A couple hosts guests at a tiny glass Airbnb in Georgia that went viral on TikTok.
The 80-square-foot home is located just south of Atlanta on a 132-acre property filled with wildlife.
Guests can sleep under the stars and take a dip in the nearby hot tub heated by actual fire.
Tiny-home living isn't for everyone, as Rachel and Parker Boice know firsthand.
In 2017, the Georgia-based couple bought a 275-square-foot tiny house on wheels that they intended to live in full-time with their daughter. Unfortunately, Rachel said, raising their daughter, who was 1 at the time but "extremely loud," wasn't as easy as they thought it would be in such a small space.
Simply put, "it didn't work out," she said. But instead of selling the property off completely, the couple put it up for rent on Airbnb, where it quickly became a hit.
Inspired by the success of their first Airbnb, the couple decided to pursue a new rental venture: building a tiny house made almost entirely of glass so guests could sleep under the stars. Take a look.
Rachel and Parker Boice's tiny glass home is built on 132 acres of forest just south of Atlanta.
The tiny glass house is built on the same plot of land as their original tiny home, which they continue to rent out on Airbnb.
However, as the houses are separated by acres of land, guests staying at either rarely cross paths. "There's just nobody even close, which is really nice," Rachel said. "It makes it really private."
As secluded as both homes are, they aren't completely isolated from the outside world. In fact, they're just a few minutes' drive from grocery stores like Walmart and Publix, gas stations, and a Dollar General.
The cool part, Rachel said, is that all the necessities are close but the nature-surrounded property still feels like a "completely different world."
The couple initially hired a tiny-house contractor to build the glass structure. But they ended up needing to finish it themselves, which took five months.
The concept of a tiny glass house was something Parker had been thinking of for years, Rachel said. But it was the success of their first Airbnb that made him want to take the leap.
"He finally was like, 'Well, this one's working, so let's try another one,'" she said.
To do so, the couple worked with a contractor who managed to build most of the structure. But before the tiny home was completed, the contractor had to pull out — leaving Rachel and Parker to finish the project on their own.
"He just had bigger fish to fry, to be honest," Rachel said. As neither Rachel nor Parker had a ton of prior experience in construction, completing the home took longer than expected.
"Instead of it taking a month, it took like five months to get done," she said.
From little things like putting in netting to prevent bugs from crawling in to figuring out how to ventilate the structure and stop leakage after the glass was installed, the process involved plenty of trial and error for the couple.
"It was a learning experience, for sure," Rachel said.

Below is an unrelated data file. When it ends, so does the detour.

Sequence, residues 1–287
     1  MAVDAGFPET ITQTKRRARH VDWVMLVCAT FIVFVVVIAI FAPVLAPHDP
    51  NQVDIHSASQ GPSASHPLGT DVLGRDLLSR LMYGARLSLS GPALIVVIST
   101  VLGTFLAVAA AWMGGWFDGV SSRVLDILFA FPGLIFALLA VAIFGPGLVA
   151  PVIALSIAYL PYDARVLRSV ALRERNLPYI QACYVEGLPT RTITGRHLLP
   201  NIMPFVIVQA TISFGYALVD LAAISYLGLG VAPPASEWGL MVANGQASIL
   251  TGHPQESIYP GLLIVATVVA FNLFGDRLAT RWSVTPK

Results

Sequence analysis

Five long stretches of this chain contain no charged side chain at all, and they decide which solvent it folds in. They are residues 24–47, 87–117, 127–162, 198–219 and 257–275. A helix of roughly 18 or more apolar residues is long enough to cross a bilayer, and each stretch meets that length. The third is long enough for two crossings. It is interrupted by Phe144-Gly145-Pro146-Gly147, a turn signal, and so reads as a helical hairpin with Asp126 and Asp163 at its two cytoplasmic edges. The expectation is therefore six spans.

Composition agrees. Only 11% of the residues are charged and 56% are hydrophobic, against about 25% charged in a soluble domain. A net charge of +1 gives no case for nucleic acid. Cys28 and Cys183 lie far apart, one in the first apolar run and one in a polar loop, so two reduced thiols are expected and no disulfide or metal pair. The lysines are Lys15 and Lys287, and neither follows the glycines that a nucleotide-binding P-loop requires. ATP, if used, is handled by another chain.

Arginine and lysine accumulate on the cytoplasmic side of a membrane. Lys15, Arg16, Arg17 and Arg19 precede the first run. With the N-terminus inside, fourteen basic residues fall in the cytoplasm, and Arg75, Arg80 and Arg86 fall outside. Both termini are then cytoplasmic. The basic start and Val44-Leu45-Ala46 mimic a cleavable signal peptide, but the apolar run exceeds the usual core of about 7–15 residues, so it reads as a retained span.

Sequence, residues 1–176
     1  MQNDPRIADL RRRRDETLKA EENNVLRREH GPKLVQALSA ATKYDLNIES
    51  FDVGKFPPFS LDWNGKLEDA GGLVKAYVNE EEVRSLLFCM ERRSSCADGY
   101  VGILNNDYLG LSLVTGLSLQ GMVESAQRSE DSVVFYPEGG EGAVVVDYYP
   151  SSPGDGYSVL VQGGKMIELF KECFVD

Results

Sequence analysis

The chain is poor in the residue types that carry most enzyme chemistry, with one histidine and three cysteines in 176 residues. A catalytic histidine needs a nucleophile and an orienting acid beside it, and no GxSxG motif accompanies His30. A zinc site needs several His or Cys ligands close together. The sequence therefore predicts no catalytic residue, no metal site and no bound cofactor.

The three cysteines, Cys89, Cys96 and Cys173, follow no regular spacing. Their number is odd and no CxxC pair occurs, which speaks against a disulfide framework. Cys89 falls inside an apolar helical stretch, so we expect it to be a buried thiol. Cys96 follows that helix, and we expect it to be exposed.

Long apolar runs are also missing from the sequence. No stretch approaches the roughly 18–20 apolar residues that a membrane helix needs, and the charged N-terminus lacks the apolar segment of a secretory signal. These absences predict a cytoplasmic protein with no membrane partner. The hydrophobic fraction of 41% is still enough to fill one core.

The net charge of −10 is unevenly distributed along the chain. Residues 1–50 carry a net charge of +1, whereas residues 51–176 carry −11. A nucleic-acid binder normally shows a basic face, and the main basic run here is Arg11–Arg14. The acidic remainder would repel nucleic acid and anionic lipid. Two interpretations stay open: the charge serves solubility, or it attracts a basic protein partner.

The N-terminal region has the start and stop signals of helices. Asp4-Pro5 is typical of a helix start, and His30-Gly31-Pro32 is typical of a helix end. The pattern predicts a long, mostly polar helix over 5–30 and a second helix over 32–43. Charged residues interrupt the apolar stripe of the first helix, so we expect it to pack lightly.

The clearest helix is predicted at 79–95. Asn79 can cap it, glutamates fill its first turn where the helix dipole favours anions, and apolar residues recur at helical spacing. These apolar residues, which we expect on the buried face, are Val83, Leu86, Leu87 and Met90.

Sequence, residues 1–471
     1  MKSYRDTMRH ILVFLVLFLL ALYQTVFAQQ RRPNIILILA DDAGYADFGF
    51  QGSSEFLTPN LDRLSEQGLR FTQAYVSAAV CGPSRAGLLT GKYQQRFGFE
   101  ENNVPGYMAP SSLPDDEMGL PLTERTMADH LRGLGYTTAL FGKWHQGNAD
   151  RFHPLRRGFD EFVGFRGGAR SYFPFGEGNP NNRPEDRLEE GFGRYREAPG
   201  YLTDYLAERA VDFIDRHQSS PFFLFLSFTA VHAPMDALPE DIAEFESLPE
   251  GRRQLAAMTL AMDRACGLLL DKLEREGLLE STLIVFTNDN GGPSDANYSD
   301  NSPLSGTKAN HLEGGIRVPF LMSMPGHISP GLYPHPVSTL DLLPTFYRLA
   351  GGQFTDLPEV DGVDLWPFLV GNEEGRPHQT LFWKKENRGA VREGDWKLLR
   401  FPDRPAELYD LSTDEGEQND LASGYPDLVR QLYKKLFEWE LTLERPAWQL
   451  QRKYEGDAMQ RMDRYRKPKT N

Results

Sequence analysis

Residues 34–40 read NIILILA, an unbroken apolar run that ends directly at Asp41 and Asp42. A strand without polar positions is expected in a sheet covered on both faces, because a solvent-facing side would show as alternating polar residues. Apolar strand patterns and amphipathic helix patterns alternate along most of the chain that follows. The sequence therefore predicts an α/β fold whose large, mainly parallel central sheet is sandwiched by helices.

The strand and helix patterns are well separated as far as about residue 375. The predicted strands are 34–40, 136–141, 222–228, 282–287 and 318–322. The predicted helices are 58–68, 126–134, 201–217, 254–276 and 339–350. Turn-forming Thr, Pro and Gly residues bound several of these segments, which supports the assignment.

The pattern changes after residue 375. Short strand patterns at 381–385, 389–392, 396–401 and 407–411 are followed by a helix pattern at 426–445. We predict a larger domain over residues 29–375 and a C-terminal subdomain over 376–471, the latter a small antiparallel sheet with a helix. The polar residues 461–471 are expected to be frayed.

The couple did have some help from friends and family, who took turns staying at the Airbnb to give them feedback before they opened up for guests, Rachel said.
Rachel and Parker finished building the tiny home in February 2022, and the first thing they did after completing construction was invite loved ones to stay.
The couple asked their friends questions about the home — "What was it missing? What did you need? What was great?" — and received "honest feedback," Rachel said. That constructive criticism then allowed them to make a few tweaks to the structure before officially opening up for Airbnb bookings in March 2022.
Straight out of the gate, Rachel said, the glass house was a hit.
Interest in the tiny glass home dipped slightly over the summer, but it surged again after Rachel posted a tour of the Airbnb on TikTok.
From the start, Rachel said the glass house has always between 75% to 95% booked.
Last summer, though, she and Parker did notice that it slowed down a bit. But that changed when Rachel posted a TikTok tour of the home in September. As of Saturday, the video had over 10 million views.
"It went viral," Rachel said, adding that as a result, they are nearly completely booked until May 2024. "It was a blessing."
They originally listed the Airbnb at a nightly rate of $89 plus a $40 cleaning fee. After the TikTok video went viral, they ditched the separate cleaning fee and increased the nightly rate to $139 on weekdays and $159 on weekends.
As rustic as the house is, Rachel said it's well-prepared to provide a comfortable experience year-round.
With so much glass, you might assume that staying in the Airbnb during the summer would be somewhat of a sweaty nightmare. But Rachel said that's not the case.
"You would think that it would have the greenhouse effect and just get really, really hot," she said.
However, the house is well-ventilated and comes with an air-conditioning unit that runs on ice and water.
The home is also built on a piece of land covered with trees. "It has a nice tree canopy over it," Rachel said. "During the summer, honestly, if you're in the woods, it's not that bad because there is a little bit of a breeze and then it blocks the direct sunlight."